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VIMS Articles

Bivalve larvae

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Field Studies Of Bivalve Larvae And Their Recruitment To The Benthos: A Commentary, Roger L. Mann Jan 1988

Field Studies Of Bivalve Larvae And Their Recruitment To The Benthos: A Commentary, Roger L. Mann

VIMS Articles

A list of factors influencing the recruitment of bivalve larvae might include, but not be limited to, the following: egg quality, physical environment, food availability, loss to predation and disease during larval development, interplay of passive dispersal (horizontally) by water currents and depth regulation by active swimming, proximity of suitable and available substratum as metamorphic competency is achieved, and availability of sufficient metabolic reserves to complete metamorphosis to the benthic form. While tractable methods exist to quantify aspects of certain members of the above list, the focus of such work has usually been biased towards laboratory experiments or hatchery production ...


Seasonal Changes In The Depth Distribution Of Bivalve Larvae On The Southern New England Shelf, Roger L. Mann Jan 1985

Seasonal Changes In The Depth Distribution Of Bivalve Larvae On The Southern New England Shelf, Roger L. Mann

VIMS Articles

A limited survey was made of the seasonal change in occurrence, depth distribution, size distribution, and species composition of bivalve larvae at a single station on the southern New England shelf during the period April-December 1981. The data were related to temperature structure of the water column and chlorophyll a distribution. Bivalve larvae were most abundant during late August and September at depths greater than 10 m, in water temperatures of 14 to 18°C, and chlorophyll a concentrations of200 p.m length consisted predominantly of the species Modiolus modiolus (Linne), Arctica islandica (Linne) and Spisula solidissima (Dillwyn). Modiolus modiolus ...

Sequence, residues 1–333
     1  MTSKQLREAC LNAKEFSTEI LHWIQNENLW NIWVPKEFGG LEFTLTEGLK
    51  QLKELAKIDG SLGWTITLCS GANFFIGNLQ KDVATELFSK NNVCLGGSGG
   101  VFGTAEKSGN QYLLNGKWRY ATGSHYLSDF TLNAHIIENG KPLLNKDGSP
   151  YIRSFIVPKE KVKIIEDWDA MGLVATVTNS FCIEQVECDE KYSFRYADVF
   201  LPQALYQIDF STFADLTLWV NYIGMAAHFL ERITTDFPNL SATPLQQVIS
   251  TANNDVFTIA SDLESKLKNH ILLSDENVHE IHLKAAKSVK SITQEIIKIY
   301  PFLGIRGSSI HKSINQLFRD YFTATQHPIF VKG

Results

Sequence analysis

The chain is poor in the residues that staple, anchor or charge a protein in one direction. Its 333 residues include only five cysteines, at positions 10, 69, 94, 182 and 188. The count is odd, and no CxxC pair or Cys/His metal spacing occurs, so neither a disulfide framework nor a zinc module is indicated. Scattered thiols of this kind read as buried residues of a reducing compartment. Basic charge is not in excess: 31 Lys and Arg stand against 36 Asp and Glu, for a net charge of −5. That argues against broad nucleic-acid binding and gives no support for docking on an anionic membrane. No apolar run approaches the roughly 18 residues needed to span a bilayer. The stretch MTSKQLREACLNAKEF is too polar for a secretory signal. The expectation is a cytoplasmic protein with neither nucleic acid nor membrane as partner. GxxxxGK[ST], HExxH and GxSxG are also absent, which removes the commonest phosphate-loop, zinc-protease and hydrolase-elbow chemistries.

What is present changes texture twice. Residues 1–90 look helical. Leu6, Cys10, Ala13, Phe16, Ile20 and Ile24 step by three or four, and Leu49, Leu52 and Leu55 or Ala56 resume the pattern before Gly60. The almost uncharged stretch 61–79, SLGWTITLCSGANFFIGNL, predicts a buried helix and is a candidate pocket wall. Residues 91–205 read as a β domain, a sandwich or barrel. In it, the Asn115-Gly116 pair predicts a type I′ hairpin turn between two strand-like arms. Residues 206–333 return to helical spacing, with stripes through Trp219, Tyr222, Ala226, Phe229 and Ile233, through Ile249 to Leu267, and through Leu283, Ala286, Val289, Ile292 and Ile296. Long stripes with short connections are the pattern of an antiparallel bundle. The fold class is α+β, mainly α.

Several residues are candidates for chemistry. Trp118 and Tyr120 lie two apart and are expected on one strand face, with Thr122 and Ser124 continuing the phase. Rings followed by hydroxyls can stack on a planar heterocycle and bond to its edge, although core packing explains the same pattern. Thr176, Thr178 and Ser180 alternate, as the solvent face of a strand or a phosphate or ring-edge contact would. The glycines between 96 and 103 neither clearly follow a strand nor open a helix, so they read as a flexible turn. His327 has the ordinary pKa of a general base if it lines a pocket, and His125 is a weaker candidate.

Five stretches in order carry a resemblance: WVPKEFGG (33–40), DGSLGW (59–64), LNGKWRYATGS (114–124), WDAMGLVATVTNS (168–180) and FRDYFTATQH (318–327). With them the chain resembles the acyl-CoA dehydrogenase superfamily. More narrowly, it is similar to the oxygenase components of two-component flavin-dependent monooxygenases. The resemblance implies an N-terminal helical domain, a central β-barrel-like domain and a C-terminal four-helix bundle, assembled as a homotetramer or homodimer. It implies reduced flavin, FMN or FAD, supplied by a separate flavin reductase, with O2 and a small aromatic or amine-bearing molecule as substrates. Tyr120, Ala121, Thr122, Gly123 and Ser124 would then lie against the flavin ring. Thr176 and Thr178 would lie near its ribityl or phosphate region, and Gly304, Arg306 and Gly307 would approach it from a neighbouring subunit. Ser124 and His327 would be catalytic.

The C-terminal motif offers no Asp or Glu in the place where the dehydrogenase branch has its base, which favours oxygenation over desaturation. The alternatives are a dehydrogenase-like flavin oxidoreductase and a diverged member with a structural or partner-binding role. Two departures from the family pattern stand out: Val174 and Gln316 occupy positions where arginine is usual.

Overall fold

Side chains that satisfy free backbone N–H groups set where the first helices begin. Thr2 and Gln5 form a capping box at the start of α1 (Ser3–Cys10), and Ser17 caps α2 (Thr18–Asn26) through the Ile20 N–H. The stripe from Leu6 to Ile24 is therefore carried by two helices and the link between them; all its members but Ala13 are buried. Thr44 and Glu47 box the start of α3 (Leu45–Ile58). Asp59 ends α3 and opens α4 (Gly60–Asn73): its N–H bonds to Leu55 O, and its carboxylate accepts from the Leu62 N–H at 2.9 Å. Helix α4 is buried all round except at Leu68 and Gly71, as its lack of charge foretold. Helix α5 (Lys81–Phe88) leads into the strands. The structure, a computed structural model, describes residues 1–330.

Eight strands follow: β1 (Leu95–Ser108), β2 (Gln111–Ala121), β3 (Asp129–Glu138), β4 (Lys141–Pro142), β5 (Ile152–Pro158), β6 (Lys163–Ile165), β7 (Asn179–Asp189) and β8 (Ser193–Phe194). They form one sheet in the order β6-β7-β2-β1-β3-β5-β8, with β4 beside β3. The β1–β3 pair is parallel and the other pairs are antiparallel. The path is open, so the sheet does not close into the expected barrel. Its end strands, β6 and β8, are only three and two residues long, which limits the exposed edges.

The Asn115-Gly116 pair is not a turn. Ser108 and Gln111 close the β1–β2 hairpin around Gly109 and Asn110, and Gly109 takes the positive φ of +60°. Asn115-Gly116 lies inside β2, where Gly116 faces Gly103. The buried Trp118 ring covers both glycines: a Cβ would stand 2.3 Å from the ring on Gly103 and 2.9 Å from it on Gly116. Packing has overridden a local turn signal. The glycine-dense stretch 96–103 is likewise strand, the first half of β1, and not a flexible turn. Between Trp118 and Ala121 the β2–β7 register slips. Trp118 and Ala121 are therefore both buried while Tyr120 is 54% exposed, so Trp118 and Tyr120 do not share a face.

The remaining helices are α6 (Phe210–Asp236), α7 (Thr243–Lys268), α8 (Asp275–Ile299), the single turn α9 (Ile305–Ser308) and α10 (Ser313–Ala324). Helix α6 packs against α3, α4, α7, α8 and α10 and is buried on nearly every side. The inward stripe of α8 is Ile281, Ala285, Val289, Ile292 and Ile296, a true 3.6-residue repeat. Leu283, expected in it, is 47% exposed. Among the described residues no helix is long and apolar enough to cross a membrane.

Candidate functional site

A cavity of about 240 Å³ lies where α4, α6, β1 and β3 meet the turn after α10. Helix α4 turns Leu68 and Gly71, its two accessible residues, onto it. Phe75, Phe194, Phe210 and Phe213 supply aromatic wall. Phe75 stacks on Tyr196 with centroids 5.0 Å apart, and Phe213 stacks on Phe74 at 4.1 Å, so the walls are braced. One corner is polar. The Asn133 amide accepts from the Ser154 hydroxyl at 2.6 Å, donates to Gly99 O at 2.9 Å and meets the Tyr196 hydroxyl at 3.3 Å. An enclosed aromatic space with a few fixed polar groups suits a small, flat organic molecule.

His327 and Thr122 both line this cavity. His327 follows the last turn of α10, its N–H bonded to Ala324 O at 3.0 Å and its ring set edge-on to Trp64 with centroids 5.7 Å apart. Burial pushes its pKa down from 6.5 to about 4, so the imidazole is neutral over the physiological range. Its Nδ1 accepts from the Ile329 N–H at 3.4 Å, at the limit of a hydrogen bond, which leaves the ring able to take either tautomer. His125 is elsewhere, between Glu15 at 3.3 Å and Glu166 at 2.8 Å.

Transport Of Bivalve Larvae In James River, Virginia, J. D. Andrews Jan 1983

Transport Of Bivalve Larvae In James River, Virginia, J. D. Andrews

VIMS Articles

For nearly 100 years, the James River has been the primary source of seed oysters for Virginia. A disease caused by Minchinia nelsoni (MSX) killed most oysters in high-salinity waters in the lower river in 1959 and 1960, and planting has not been resumed in these areas (Andrews 1983). Large populations of oysters on Hampton Bar and near the mouth of the river which served as broodstocks were destroyed. After 1960, setting declined drastically in regularity and intensity to about one tenth of that which occurred in the 1950's. Setting patterns suggest two types of seed areas in Chesapeake ...